I have no idea where to put this one.
Via NBC: http://usnews.nbcnews.com/_news/2013/11/14/20807269-illegal-ivory-crush-in-denver-to-send-message-to-poachers-traffickers
A massive stockpile of elephant ivory stacked in a warehouse north of Denver is set to be crushed by the U.S. Fish and Wildlife Service on Thursday as part of an escalating push to stamp out illegal wildlife trafficking around the world.
The destruction of more than six tons of seized tusks and carvings at the National Wildlife Property Repository is meant to draw attention to a global poaching crisis, driven by organized crime syndicates, that has decimated the population of African elephants. "By destroying our domestic stocks of ivory, we send a very clear signal that these illegally-traded products should not be perceived as items of value," Robert G. Dreher, acting assistant attorney general for the environment and natural resources, told reporters last week in a press briefing.
Upwards of 30,000 elephants were slaughtered by poachers in 2012 — the largest number in decades. Despite a 1989 global ban on commercial ivory trading, the last five years have seen a dramatic surge in poaching that threatens to wipe out the roughly 500,000 elephants still living in Africa, experts say.
"Within 10 years, at the current rate of poaching, central African elephants will likely be extinct," said Crawford Allan, the WWF illegal wildlife trade expert and a senior director at TRAFFIC, a wildlife traffic monitoring network. "We will see a very bleak future for elephants unless we can turn this tide right now."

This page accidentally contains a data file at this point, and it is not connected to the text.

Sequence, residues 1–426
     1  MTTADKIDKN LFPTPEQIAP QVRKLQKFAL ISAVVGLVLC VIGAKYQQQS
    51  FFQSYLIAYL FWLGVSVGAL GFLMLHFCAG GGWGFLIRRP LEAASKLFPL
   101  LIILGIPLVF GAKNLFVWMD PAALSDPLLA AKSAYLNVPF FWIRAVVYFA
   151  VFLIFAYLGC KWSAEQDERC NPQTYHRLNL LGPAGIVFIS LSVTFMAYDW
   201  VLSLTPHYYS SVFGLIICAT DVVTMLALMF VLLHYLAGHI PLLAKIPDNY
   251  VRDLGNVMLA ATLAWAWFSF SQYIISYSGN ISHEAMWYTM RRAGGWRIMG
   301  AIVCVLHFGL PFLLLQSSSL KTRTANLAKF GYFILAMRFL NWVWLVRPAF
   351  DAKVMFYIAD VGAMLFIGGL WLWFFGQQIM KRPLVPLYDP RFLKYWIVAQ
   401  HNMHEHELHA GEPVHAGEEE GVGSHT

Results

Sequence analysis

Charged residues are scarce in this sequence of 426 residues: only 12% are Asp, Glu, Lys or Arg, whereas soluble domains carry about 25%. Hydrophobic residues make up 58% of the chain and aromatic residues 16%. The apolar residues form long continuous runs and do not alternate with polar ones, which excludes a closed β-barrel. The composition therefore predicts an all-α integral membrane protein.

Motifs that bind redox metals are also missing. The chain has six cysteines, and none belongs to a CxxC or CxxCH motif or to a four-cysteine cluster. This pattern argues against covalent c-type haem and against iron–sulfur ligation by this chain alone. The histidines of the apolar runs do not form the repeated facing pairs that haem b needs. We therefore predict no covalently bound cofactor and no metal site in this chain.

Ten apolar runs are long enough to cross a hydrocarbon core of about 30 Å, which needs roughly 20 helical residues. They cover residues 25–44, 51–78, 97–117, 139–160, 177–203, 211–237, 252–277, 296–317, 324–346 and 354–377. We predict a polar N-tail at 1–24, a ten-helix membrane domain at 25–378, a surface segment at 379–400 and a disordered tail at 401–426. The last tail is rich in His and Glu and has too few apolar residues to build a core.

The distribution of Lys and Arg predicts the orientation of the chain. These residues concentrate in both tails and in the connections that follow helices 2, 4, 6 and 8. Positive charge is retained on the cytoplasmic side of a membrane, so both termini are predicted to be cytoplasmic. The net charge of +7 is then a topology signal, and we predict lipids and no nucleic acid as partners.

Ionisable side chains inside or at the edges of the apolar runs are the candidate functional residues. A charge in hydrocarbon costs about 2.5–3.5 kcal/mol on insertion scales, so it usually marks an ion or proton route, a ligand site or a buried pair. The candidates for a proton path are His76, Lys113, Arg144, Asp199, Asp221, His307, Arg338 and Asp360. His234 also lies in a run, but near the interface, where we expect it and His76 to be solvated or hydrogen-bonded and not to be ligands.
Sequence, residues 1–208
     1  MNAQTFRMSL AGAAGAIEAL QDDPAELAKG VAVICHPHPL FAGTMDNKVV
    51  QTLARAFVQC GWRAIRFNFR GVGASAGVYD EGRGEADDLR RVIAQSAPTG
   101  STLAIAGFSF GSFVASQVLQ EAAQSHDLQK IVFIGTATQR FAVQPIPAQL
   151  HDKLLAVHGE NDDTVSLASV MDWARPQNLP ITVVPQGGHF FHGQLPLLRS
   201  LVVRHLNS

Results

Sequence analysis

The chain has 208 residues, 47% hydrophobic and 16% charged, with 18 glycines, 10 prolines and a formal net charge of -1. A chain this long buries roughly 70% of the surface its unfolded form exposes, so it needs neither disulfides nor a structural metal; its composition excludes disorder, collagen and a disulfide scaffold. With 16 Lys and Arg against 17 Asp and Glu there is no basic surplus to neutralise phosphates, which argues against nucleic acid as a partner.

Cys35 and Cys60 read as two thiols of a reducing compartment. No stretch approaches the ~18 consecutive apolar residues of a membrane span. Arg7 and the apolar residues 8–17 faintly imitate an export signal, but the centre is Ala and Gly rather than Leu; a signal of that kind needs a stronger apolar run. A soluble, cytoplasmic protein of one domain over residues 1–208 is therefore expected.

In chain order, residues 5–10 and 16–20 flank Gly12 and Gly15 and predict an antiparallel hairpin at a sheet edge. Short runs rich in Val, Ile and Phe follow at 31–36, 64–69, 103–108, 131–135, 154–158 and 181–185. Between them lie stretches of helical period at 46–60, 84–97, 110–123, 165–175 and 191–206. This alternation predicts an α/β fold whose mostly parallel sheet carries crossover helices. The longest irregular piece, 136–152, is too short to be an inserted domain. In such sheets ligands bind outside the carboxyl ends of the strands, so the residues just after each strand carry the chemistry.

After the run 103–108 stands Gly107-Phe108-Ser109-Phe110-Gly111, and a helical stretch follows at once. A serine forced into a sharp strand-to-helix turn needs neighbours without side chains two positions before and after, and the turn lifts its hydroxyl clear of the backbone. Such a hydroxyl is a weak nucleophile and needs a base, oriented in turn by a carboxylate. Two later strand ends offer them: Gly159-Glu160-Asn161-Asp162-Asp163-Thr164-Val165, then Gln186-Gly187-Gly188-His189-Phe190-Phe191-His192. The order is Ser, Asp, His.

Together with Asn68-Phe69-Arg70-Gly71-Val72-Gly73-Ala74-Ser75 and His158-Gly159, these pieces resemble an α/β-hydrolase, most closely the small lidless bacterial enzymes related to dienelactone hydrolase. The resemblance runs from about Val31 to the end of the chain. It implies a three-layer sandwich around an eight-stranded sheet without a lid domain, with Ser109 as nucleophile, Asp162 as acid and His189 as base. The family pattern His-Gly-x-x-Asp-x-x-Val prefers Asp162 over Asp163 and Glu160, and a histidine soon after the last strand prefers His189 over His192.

Outgunned by poachers with night vision goggles, automatic weapons
And yet the fight against poaching and trafficking isn't just an issue for animal rights activists and environmentalists, experts say. A growing catalog of evidence suggests that terror groups like al-Shabaab — the Somalia-based al Qaeda affiliate behind the horrific attack on a Kenya shopping complex in September — are partly funded by dirty money from the ivory black market.
Kate Brooks / for NBC News
Kenya Wildlife Service rangers patrol through Ramuruti forest in Laikipia, Kenya. The area is a corridor for elephants.
A 2011 report by the Elephant Action League christened ivory the "white gold for African jihad, white for its color and gold for its value."
"The deadly path of conflict ivory starts with the slaughter of innocent animals and ends in the slaughter of innocent people," wrote the report's authors, Nir Kalron and Andrea Crosta.
And former U.S. Secretary of State Hillary Clinton has said that U.S. intelligence agencies have discovered links between other militant groups, such as the Janjaweed in Sudan and Lord's Resistance Army in Uganda, and illicit ivory trading revenues.
The threat posed by underground poaching and trafficking — the world's fifth most thriving and lucrative illicit activity, following only the drug trade, human trafficking, oil theft and counterfeiting — has prompted the U.S. to sound the alarms.
Much more at link - it's a long article.
How, exactly, is it going to send a message to poachers? Why should they care - if they even hear about it they have still already been paid. The traffickers? Part of the cost of doing business - sometimes you are going to lose a shipment. It's already written into their overheads.
Since the poachers are heavily armed and well organized, why not use them for a live exercise? Obama is fussed enough about poaching to direct US agencies to act - well - he has all these drones he seems to love using.